Reference Catalog

The NHVRC Reference Catalog features home visiting research and evaluation conducted outside of the resource center. Items include evaluation plans, research briefs, conference and poster presentations, cost studies, and fact sheets. Select one or more of the checkboxes below and/or enter keywords into the search tool to refine the entries displayed. Inclusion in the NHVRC Reference Catalog does not constitute an endorsement of the product, in whole or in part, or its authors. Please see the bottom of the page for additional information, including our process for selecting items.

Topics
Title
Date
Description
Program Models Included

A Pedagogical Framework for Facilitating Parents’ Learning in Nurse-Parent Partnership

2017

Nursing work increasingly demands forms of expertise that complement specialist knowledge. In child and family nursing, this need arises when nurses work in partnership with parents of young children at risk. Partnership means working with parents in respectful, negotiated and empowering ways. Existing partnership literature emphasizes communicative and relational skills, but this paper focuses on nurses’ capacities to facilitate parents’ learning. Referring to data from home visiting, day-stay and specialist toddler clinic services in Sydney, a pedagogical framework is presented. Analysis shows how nurses notice aspects of children, parents and parent-child interactions as a catalyst for building on parents’ strengths, enhancing guided chance or challenging unhelpful constructs. Prior research shows the latter can be a sticking point in partnership, but this paper reveals diverse ways in which challenges are folded into learning process that position parents as agents of positive change. Noticing is dependent on embodied and communicative expertise, conceptualized in terms of sensory and reported channels. The framework offers a new view of partnership as mind-expanding for the parent and specifies the nurse’s role in facilitating this process. (author abstract)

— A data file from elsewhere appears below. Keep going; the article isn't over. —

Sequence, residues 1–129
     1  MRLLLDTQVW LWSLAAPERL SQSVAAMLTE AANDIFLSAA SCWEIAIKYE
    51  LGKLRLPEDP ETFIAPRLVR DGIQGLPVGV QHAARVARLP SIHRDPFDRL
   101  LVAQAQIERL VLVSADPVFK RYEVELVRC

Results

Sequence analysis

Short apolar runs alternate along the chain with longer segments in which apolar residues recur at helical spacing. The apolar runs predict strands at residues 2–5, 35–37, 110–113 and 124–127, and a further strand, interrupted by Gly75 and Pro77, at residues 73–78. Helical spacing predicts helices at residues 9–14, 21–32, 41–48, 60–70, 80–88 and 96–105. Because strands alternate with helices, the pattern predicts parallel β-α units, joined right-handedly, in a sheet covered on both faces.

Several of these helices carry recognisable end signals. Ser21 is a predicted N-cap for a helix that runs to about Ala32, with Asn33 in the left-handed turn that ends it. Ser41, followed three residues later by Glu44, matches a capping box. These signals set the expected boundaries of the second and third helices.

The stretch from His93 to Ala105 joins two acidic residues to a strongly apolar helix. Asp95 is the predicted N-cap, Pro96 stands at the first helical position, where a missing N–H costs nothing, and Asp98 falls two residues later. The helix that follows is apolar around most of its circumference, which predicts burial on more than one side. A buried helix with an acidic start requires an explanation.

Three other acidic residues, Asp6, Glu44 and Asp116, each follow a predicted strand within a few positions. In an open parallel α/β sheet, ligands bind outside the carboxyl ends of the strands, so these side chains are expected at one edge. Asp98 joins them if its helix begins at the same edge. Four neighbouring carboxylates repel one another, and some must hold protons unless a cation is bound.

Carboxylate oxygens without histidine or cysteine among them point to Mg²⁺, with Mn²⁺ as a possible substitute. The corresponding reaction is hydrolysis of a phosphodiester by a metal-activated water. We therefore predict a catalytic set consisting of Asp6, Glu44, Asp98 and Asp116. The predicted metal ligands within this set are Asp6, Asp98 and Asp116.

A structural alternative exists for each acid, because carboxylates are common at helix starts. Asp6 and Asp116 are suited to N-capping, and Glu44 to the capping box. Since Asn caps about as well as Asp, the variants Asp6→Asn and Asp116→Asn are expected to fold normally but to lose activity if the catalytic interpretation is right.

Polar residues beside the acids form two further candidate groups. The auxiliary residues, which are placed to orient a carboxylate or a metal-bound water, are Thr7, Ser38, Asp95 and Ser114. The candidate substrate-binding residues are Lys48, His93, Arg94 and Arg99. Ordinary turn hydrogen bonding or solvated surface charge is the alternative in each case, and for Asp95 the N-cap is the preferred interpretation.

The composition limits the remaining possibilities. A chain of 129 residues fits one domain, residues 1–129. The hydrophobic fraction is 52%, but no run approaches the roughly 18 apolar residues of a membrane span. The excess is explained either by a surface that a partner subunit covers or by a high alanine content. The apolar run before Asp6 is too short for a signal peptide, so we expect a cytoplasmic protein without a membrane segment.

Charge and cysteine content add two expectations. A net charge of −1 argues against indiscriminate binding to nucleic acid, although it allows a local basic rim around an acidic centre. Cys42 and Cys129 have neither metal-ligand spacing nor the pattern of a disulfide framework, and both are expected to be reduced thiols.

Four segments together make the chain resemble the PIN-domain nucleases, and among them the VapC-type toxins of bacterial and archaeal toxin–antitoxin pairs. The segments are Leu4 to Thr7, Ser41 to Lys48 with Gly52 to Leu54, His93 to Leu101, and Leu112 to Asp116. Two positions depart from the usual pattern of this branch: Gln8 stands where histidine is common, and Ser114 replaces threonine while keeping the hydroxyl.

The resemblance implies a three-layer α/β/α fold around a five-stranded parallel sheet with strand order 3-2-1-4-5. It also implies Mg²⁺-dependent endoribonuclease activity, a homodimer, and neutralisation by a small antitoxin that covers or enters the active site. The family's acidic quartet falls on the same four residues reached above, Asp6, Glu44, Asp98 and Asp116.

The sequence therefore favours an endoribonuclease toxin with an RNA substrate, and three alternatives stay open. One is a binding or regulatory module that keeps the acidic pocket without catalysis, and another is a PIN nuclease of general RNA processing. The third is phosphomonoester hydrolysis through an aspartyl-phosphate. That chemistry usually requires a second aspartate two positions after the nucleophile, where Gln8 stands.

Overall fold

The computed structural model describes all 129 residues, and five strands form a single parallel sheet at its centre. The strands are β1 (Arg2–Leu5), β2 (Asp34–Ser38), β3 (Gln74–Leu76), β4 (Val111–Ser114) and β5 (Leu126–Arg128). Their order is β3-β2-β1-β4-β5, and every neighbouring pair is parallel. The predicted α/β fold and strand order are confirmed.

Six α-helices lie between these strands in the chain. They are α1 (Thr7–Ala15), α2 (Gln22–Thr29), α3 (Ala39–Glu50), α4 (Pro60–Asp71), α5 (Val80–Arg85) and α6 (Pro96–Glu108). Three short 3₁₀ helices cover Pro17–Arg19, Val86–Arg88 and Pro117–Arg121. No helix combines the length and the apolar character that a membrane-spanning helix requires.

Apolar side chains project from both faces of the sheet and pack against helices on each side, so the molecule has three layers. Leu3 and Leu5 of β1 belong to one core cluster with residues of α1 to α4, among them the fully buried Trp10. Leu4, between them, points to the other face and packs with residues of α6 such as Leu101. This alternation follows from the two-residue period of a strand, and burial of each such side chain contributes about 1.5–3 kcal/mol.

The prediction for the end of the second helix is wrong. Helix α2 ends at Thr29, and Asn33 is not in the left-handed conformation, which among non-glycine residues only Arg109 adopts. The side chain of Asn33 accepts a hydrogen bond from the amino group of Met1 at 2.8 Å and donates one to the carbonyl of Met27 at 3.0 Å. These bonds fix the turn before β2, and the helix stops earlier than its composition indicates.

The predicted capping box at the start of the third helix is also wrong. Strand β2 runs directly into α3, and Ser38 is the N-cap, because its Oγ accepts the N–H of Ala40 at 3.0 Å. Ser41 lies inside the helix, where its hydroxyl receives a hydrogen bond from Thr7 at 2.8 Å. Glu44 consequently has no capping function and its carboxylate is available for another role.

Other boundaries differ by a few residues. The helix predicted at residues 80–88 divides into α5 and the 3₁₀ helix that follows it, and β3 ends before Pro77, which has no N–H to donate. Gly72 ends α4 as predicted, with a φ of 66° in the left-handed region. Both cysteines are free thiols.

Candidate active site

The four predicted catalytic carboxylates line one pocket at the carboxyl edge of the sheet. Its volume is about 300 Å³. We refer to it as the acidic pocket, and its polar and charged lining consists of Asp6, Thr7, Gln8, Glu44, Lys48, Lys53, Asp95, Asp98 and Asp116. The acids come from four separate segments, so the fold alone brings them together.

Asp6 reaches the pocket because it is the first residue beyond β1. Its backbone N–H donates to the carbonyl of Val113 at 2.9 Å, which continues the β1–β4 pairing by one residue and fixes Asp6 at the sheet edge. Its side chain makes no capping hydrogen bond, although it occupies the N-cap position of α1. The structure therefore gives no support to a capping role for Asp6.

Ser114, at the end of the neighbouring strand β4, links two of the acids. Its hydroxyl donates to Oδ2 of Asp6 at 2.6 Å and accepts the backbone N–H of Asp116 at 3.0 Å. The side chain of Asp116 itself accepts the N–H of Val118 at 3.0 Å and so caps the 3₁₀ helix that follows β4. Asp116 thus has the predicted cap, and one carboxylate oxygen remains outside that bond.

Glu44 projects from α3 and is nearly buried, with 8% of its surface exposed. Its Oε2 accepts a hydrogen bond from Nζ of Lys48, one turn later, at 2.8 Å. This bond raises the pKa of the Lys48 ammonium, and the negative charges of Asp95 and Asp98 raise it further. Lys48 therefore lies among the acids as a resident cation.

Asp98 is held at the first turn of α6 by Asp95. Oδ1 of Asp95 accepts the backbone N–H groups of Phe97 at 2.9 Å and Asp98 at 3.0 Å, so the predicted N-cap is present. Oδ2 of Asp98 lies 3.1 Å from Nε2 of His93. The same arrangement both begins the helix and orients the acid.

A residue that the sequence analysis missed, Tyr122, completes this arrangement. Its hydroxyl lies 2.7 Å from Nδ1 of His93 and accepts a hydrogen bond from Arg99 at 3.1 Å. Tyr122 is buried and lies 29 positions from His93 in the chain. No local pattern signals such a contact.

Other Models

A Pilot Program to Offer a One-Time Home Visit to All Mothers with Newborns in Massachusetts